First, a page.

Stolen surfboards returned after three years

In early 2013, La Jolla resident Jonathan Clark’s garage was broken into and surfboards bearing both sentimental and monetary value ($5,000) were taken while he and his wife slept. Clark immediately reached out to La Jolla Light for a story to get the word out and hopefully track them down. 

Although it took three years, having that story printed eventually paid off.

A few months ago, Clark said he got a phone call indicating that one of his boards — a rare Greek Surfboard, which was the first one he ever purchased when he was teenager — had been located by Bill Deneff of Huntington Beach, an avid collector of vintage surf and skateboards. 

Clark explained, “Bill loves Greek Surfboards, but hadn’t seen one like mine. He was really happy to have his hands on it. He looks into the background of every board he buys, including its history.” In the course of his online research, Deneff stumbled upon the Light article that detailed the theft. He immediately and reluctantly, got in touch with its former owner. 

“It was huge that Bill was such a good person to call me,” Clark said. “I offered to pay for it, but he declined the money.” 

Anxious to follow the trail of where the board might have been before making its way home, Clark ascertained that Deneff bought the board on eBay from Kristopher Tom, a vendor who sells surfboards online and at swap meet-style events.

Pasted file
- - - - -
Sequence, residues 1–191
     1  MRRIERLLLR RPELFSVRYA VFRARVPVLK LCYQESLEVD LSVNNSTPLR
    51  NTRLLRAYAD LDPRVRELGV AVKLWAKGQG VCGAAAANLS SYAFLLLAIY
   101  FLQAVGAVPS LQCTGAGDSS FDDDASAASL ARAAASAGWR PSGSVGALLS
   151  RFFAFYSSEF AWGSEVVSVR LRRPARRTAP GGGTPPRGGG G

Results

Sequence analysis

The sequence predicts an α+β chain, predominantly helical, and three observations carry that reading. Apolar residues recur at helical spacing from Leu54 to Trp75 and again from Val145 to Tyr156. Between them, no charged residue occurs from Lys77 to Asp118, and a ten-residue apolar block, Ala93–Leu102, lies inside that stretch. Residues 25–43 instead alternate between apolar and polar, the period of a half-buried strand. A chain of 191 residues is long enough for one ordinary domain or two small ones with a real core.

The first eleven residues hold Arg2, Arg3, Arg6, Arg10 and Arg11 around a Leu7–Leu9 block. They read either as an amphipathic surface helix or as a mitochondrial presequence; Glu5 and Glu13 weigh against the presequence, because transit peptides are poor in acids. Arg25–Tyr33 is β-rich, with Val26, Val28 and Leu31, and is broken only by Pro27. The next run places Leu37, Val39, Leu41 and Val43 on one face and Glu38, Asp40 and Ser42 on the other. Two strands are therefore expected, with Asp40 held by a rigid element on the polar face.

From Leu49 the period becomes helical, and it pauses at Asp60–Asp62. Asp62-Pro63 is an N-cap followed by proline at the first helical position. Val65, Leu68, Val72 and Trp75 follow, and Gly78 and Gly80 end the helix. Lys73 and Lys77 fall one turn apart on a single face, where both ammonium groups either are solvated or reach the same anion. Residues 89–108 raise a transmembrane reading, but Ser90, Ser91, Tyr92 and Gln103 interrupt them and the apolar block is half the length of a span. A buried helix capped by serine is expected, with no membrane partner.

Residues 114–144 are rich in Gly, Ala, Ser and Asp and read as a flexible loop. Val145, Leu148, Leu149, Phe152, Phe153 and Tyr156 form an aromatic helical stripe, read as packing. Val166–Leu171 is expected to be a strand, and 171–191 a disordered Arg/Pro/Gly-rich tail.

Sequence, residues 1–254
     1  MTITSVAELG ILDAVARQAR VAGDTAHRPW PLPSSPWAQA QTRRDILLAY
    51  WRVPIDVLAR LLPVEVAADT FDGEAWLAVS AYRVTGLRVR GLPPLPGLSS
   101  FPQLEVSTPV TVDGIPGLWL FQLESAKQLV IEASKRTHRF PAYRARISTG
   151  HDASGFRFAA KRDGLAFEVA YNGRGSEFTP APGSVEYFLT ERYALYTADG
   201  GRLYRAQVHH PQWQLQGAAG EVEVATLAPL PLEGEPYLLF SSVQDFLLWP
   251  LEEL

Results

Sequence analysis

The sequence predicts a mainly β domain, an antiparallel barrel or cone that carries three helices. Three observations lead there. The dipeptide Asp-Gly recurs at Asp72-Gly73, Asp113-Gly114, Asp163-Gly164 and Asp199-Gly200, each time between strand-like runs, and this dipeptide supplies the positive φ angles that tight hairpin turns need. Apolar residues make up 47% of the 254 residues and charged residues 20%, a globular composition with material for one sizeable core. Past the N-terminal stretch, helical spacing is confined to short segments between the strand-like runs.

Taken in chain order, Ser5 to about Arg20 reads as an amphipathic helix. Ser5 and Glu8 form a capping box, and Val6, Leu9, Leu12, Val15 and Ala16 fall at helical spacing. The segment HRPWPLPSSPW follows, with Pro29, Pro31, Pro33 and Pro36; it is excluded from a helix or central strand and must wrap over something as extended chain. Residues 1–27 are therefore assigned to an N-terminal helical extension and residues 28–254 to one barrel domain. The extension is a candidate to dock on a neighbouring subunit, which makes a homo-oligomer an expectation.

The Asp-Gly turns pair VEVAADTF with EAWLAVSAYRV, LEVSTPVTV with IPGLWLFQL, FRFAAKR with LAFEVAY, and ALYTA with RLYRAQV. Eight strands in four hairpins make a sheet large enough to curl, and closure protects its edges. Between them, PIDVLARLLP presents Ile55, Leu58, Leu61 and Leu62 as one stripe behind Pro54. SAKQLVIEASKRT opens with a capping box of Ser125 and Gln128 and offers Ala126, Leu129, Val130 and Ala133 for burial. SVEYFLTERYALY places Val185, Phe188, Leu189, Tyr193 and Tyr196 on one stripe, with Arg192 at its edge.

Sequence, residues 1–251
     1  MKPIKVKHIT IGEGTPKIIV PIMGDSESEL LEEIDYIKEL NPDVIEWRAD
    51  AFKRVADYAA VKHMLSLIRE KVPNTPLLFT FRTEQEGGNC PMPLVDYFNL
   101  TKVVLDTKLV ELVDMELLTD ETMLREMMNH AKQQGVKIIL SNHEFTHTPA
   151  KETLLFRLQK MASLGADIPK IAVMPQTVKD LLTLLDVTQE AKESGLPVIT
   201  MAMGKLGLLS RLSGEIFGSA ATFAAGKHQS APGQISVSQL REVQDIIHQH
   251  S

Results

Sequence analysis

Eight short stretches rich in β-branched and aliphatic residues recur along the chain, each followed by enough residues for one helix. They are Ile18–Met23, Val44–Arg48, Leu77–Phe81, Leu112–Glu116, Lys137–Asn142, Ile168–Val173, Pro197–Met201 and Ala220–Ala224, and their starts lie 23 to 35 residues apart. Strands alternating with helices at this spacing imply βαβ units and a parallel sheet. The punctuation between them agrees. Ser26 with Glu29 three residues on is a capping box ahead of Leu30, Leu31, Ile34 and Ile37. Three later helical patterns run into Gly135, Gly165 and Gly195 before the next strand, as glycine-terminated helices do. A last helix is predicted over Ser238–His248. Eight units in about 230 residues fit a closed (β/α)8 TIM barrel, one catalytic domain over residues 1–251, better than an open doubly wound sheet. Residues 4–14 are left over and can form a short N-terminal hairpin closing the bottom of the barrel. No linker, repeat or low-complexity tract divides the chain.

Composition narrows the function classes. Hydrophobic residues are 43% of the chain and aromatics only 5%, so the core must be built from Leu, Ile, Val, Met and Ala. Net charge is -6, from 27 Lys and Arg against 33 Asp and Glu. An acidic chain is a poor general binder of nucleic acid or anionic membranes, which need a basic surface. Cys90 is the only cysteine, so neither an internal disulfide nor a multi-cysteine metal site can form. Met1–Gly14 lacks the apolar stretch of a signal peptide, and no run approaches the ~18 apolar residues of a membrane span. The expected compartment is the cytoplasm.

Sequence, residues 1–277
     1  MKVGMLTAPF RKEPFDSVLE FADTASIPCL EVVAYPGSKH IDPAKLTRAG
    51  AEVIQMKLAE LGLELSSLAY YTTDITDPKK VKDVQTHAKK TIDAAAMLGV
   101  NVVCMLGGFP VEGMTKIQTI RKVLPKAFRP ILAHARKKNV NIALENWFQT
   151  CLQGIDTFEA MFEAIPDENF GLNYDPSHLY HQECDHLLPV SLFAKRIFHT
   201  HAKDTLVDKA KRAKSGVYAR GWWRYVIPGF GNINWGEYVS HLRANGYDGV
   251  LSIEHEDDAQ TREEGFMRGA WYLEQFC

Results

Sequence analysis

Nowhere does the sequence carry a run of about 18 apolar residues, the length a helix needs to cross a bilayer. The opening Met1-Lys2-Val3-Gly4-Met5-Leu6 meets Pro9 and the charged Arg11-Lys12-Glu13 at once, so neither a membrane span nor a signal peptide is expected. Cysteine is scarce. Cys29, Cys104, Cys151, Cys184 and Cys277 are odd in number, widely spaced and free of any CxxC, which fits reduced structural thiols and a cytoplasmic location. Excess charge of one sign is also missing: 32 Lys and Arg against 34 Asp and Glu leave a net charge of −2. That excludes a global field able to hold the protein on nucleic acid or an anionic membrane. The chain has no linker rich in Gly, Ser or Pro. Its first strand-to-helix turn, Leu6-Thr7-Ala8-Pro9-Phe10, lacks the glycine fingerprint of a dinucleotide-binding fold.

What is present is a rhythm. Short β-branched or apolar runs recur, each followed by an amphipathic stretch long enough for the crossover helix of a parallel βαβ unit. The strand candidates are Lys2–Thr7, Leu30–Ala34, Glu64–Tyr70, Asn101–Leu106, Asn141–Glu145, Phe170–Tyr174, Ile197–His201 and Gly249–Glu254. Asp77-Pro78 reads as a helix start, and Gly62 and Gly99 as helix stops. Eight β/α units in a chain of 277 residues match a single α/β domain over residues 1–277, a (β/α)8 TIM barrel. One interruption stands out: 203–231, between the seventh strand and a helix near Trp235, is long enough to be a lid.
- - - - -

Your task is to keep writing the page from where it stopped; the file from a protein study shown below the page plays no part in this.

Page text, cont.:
“I received the surfboard from someone I know who buys and sells boards on Craigslist,” Tom said. “He was in the South Bay of Los Angeles and said he bought about 65 boards from a ‘garage sale’ and to come check them out. I saw a half-dozen I liked, including the Greek, and bought the lot. I brought them home, and realized I could make a little money off of them, so I put them on eBay.” 

Clark later learned that it’s a thief’s practice to take stolen goods, especially if they are rare or easily identifiable, and move them away from where they were stolen, which is how the boards went from La Jolla to Los Angeles. 

“I assume thieves take the boards and go to a different city that might not be looking out for them and sell them there. The police suggested to me that there are a lot of people who come from other areas to the coast and steal stuff, then sell it at garage sales or sell it at a swap meet where someone wouldn’t recognize the stuff,” Clark said. 

Although rare, Tom said he has occasionally come across stolen boards. “Any collector group is going to look out for one another, and no one one wants to sell stolen boards,” he said. “When it happens, you do the right thing.”

In retrieving the board in Huntington Beach, Clark said he went to the Topanga area of Los Angeles where Tom sells boards at a board swap. Clark showed pictures and distributed fliers of the remaining missing boards to the various vendors so they could keep an eye out for them, optimistic his remaining boards might be found. Further, he said he regularly checks Craigslist and eBay listings and has re-committed to the search. 

“It was a needle-in-a-haystack situation to find my board,” he added. “It’s so hard to find stolen boards, and everyone I’ve spoken with is just shocked that it was returned. So while I would like to get them all back, I’m so happy to have this one, my first surfboard, back.”

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